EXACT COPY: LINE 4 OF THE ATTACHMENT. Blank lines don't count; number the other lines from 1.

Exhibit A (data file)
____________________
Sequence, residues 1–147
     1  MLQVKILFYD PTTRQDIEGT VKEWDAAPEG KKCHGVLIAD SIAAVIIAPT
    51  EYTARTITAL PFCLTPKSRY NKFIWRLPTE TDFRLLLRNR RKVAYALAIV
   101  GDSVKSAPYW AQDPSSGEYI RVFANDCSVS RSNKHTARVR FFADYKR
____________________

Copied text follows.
   101  GDSVKSAPYW AQDPSSGEYI RVFANDCSVS RSNKHTARVR FFADYKR